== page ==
Multimodal Mobile Guide for Blind Users
Needs or problems
In most Western countries legislations accessibility guidelines have been adopted. However, the technical solutions that have been proposed mainly focus to provide support when users access to Web applications through desktop interfaces. Recent technological evolutions in mobile devices can provide a number of interesting opportunities for disabled people in order to improve the quality of their life and social interactions. There is a need to identify solutions for disabled users when they are on the move and they want to carry out important social activities (such as visiting museums). For these reasons we believe that mobile technologies can represent new opportunities for all, especially for users with special needs. In this regard, research should better investigate on how mobile devices, such as PDAs or smart phones, can be considered for obtaining new applications to support various activities during the daily life.
In order to make mobile solutions more accessible and usable, innovative multimodal techniques can be adopted. In particular, interaction based on the combined use of voice and gesture can provide new useful solutions for mobile technology. This is particular important for users with special needs, such as blind or low vision people. The goal of this project is to investigate how a multimodal mobile solution can be introduced in certain activities performed by this specific type of users: blind and low vision users. In order to focus on a specific case study, we will take into account the case of a museum visit. In such a situation, when users move, several details can be very useful for better contextualising the visit.
The goal of this project is to develop and implement a solution for a multimodal guide for blind users. Thus, the system will be designed for a mobile device in such a way to support location-awareness and usable and accessible interaction for this type of users. Novel solutions will be designed in order to support blind users’ interactions. In particular, we plan to exploit gestures with mobile devices to support vocal interaction. The goal is to allow users to freely move and ask information at any time. The type of answer will depend on the users’ location and the preferences identified by their previous behaviour. The main requests and those particularly detailed will be entered vocally, with the possibility of controlling the output through small gestures in order to go next/back or to different levels of details. Such gestures will be detected through accelerometers connected to the mobile device and can be suitable for blind users who cannot exploit the visual channels to provide such commands. The specific solutions integrating gestural and vocal interaction will be particularly useful for blind people. In order to better define requirements and advanced solutions, we will focus on a specific application case. The application will be developed for accessing museum information by a blind mobile visitor but the solution will be structured in such a way that can be easily adapted to other similar applications (such as support for shopping or for moving in a complex building). The resulting system will be tested in collaboration with Unione Italiana Ciechi (the Italian Association for the Blind) that has agreed to provide us with a number of blind people for the usability tests. In addition, a young blind woman with Ph.D. in computer science working in the group proposing this research will be actively involved in this project and will be supported by the fellowship.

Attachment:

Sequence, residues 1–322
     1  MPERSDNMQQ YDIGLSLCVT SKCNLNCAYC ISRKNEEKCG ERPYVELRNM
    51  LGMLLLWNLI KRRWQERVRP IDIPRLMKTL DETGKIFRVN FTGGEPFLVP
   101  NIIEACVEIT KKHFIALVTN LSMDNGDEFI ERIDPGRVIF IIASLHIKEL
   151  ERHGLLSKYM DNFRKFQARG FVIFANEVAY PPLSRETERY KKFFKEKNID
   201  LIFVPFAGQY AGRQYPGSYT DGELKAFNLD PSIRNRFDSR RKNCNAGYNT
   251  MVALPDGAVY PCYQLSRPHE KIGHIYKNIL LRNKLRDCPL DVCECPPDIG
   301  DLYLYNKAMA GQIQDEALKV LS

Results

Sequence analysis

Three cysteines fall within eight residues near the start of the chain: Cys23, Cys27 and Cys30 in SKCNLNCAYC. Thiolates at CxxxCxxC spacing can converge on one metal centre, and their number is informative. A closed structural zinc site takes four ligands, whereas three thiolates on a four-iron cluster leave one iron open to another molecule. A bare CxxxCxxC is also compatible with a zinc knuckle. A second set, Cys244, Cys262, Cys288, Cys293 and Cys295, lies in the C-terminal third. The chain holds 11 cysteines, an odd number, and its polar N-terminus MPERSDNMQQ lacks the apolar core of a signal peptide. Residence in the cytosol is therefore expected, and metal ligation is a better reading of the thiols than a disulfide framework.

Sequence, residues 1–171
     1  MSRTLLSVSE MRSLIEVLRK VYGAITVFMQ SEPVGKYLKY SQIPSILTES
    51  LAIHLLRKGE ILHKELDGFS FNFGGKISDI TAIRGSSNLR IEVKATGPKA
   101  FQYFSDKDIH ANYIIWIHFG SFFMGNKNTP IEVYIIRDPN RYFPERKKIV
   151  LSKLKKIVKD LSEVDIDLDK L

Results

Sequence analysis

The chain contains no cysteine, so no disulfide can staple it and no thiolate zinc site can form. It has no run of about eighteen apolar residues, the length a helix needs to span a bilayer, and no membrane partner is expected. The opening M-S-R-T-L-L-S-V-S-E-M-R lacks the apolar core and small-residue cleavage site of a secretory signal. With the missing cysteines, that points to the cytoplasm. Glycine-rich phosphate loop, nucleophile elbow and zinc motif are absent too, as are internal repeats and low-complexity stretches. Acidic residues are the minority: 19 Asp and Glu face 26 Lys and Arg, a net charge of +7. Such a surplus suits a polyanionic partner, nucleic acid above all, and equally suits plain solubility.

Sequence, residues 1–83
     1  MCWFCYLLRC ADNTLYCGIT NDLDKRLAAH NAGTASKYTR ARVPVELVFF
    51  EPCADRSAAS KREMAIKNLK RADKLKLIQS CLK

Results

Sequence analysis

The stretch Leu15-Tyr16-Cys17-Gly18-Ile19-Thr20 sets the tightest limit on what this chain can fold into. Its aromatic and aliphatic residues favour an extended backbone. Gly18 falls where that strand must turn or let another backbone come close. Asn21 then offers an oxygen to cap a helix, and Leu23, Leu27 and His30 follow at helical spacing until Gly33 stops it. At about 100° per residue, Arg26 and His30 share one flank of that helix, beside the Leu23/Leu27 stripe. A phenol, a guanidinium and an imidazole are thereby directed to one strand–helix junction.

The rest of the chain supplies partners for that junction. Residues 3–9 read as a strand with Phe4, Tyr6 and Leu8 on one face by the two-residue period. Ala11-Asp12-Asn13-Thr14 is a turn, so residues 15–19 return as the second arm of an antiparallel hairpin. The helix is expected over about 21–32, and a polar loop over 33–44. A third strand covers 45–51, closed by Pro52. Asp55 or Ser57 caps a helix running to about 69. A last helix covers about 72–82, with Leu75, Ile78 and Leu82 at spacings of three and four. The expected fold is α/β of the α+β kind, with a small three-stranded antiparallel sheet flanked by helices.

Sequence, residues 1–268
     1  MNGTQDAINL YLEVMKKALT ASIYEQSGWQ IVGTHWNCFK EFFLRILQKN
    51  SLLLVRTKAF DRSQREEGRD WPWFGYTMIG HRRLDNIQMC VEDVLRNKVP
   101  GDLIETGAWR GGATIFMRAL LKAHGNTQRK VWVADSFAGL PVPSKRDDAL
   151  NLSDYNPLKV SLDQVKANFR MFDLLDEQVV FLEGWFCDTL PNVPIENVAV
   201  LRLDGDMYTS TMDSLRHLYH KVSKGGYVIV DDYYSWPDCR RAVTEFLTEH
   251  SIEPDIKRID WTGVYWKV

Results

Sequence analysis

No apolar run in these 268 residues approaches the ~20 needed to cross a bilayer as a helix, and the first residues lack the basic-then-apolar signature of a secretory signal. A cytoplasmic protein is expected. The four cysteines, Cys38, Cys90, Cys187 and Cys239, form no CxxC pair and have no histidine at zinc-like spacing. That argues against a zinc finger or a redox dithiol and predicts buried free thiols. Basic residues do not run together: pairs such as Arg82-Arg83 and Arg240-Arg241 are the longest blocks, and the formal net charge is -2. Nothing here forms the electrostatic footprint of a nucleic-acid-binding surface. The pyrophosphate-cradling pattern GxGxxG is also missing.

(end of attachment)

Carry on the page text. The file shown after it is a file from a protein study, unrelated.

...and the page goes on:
An important goal of this project is investigating how an accessible and usable application based on mobile technologies can be used for improving the social integration for the blind. Therefore, we intend to show how a blind user can interact with a multimodal guide by interacting through voice and gesture. Thus, the evaluation process will be focused on testing a guide prototype designed to be used as a support during a museum visit. To this end, the multimodal guide will be designed in such a way to provide dynamic useful information to enrich the visit. We intend to carry out a user testing with a number of visually-impaired persons (blind and low vision users) in order to collect various feedbacks on the usage of the guide prototype. As our multimodal mobile application refers to a visit in a museum, the prototype developed for a mobile device will be tested in a museum context. The Marble Museum (Carrara, Italy) has agreed to provide us with the basic digital content describing their artworks. This content will be used and manipulated by our application supporting mobile visitors. A set of tasks to be performed will be assigned to the user group in order to evaluate the main features of our application. Tasks will be thought in order to be sure that users test specific features based on gestural actions. Users will be observed during the evaluation sessions in order to gather some information on application usage. In addition, at the end of the evaluation process, a questionnaire will be given to the users in order to collect specific data and impressions.
The results will be presented in international workshop and conferences in the areas of human-computer interaction, accessibility and mobile applications.
In addition, demos will be created and shown in important international events.